BRAC: Testimony as Prepared for Delivery by Secretary of Defense Donald H. Rumsfeld, U.S. Hart Senate Office Building, Room 216, Washington, D.C., Monday, May 16, 2005

U.S. Department of Defense Speeches, May 16, 2005 | Go to article overview

BRAC: Testimony as Prepared for Delivery by Secretary of Defense Donald H. Rumsfeld, U.S. Hart Senate Office Building, Room 216, Washington, D.C., Monday, May 16, 2005


Mr. Chairman, Members of the Commission.

Thank you for the opportunity to discuss the Department's recommendations on Base Realignment and Closure. And thank you for agreeing to serve our country and perform what is a formidable task.

Today, the Department is in need of change and adjustment. Our current arrangements, designed for the Cold War, must give way to the new demands of the war against extremism and other evolving challenges. We face an enemy that is dispersed throughout the world. It does not operate the same way as a traditional enemy--it has no territory to defend and no permanent bases to safeguard. Our enemy is constantly adapting and so must we.

Some have asked why we are proposing any base closings during a time of war. The answer is because these changes are essential to helping us win this war.

Consider the array of issues of concern to the Department of Defense--and indeed to the country:

* Relieving stress on the force;

* Improving the ability of the forces to cooperate jointly;

* Protecting forces stationed at vulnerable bases and locations across the country and the world; and

* Properly equipping the troops.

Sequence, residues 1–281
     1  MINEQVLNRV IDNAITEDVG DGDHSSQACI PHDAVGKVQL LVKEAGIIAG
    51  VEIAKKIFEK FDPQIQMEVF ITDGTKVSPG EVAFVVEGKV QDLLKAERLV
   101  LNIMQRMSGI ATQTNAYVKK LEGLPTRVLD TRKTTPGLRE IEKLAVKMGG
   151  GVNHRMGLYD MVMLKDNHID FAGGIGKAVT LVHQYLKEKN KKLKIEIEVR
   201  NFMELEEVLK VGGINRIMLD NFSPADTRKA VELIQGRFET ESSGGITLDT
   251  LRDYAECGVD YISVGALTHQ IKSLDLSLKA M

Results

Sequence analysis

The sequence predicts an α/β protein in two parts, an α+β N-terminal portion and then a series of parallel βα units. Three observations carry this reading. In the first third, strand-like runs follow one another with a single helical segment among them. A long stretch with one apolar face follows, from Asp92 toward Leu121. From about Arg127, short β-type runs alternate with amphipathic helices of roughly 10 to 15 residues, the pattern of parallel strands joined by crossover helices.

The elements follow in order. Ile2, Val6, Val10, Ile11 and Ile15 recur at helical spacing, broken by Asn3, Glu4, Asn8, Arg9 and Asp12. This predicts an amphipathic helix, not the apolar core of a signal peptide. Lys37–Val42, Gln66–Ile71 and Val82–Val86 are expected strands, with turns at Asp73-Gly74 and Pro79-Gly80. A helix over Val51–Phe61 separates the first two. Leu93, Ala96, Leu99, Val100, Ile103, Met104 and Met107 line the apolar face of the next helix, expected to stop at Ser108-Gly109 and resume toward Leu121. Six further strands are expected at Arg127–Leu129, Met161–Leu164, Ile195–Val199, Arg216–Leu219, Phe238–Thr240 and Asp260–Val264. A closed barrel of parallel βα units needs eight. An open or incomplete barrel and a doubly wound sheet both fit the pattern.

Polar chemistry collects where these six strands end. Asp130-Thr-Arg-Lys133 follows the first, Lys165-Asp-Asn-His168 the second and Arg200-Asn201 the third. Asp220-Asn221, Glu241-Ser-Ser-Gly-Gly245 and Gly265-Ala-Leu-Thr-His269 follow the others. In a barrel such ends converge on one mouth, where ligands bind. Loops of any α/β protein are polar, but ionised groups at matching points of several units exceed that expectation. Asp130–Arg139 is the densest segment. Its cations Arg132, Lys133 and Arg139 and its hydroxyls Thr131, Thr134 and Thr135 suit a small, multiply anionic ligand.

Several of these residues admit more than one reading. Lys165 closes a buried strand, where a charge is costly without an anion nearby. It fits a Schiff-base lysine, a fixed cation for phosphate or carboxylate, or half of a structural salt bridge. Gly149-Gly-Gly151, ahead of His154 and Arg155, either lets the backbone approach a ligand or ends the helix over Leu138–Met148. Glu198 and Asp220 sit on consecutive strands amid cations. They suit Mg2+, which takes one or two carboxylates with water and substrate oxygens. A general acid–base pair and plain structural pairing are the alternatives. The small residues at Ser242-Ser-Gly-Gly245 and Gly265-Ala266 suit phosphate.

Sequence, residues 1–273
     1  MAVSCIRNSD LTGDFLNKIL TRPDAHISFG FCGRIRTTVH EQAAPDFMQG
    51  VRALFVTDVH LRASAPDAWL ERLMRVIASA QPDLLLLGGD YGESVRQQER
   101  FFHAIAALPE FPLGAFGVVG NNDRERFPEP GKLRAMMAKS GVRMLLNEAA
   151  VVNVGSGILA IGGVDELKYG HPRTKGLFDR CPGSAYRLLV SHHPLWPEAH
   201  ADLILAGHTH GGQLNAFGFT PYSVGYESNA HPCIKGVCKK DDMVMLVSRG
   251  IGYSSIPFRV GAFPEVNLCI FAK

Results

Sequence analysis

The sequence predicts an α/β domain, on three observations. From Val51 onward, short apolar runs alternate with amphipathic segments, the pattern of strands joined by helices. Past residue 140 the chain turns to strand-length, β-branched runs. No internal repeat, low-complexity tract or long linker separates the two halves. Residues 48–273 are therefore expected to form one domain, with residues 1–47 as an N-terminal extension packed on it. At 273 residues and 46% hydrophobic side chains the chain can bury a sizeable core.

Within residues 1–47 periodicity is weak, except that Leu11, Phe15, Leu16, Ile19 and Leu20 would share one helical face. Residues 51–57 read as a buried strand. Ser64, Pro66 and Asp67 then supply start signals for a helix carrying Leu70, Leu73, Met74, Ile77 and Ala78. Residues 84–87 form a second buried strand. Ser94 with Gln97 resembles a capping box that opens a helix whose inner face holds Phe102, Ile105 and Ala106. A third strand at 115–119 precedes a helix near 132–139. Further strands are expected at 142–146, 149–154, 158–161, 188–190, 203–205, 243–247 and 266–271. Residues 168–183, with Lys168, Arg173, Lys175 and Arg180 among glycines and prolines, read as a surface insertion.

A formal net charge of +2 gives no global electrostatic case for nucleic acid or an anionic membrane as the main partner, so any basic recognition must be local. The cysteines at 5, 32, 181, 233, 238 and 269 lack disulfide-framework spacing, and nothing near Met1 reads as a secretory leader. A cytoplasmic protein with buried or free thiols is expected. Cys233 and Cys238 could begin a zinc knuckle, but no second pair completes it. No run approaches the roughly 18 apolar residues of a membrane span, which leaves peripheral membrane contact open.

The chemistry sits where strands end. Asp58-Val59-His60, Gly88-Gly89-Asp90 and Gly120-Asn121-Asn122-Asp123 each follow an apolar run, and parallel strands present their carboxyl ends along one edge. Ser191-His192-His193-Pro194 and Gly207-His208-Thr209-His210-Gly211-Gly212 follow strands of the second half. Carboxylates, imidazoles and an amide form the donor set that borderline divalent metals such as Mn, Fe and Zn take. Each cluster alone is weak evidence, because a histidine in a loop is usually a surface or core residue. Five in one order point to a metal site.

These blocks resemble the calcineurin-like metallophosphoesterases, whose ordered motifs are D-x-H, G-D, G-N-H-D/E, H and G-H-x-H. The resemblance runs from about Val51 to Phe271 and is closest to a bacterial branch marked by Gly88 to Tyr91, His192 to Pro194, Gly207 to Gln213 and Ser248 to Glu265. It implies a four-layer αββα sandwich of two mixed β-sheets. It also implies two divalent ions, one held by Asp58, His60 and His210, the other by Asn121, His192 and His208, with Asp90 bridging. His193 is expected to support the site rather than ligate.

If one thinks about those priorities, it clearly makes sense to do all that one can to identify and remove whatever excess exists to be better able to address those pressing needs to help the warfighters. In fact, these changes are more necessary--not less--during a time of war. At the same time, by making these changes, the American taxpayer benefits.

This, in essence, is the logic--and the imperative--of BRAC.

A few comments about what has been undertaken over the past two and a half years:

* First, as required by law, the primary factor in each BRAC decision has been an assessment of an installation's underlying military value. Indeed, military judgments have played the key role from the outset, and properly so. In a time of war, whenever we can find ways to increase support for military needs--to help the warfighters--we can do no less.

* Second, the previous four BRAC rounds--1988, 1991, 1993 and 1995--over time have eliminated some 21% of excess U.S. military infrastructure, and re-allocated many billons of dollars to pressing military needs. This year's recommendations, if approved, should result in up to $5.5 billion in recurring annual savings--a net savings of up to $48.8 billion over 20 years. When combined with the proposed changes to U.S. global posture, the projected 20 year net savings increases to as much as $64.2 billion, or up to $6.7 billion per year;

* Third, for the first time, the BRAC deliberations took place with an emphasis on "jointness." The Department recognized that operating jointly reduces overhead costs, improves efficiency and facilitates cooperative training and research. Importantly, the proposed consolidations also free up personnel and resources to reduce stress on the force and enhance force protection.

Additionally, the Department also considered potential contingency and surge requirements and possible increases in active duty troop levels. These recommendations, if adopted by the Commission, the President and the Congress, would result in 33 major base closures and 29 major base realignments out of 318 major domestic military facilities. Put another way, BRAC would close a bit less than 10 percent of major U.S. facilities, and realign another 9 percent.

BRAC also will help further the President's goal of bringing Service members together under one umbrella. One way this would happen is through the consolidation of research, support and training functions of the different Services at what we call "Centers of Excellence." These centers improve the ability of the military branches to share information, adopt common standards and procedures and increase efficiency. These changes in turn boost the ability to provide critical services to the men and women in uniform. …

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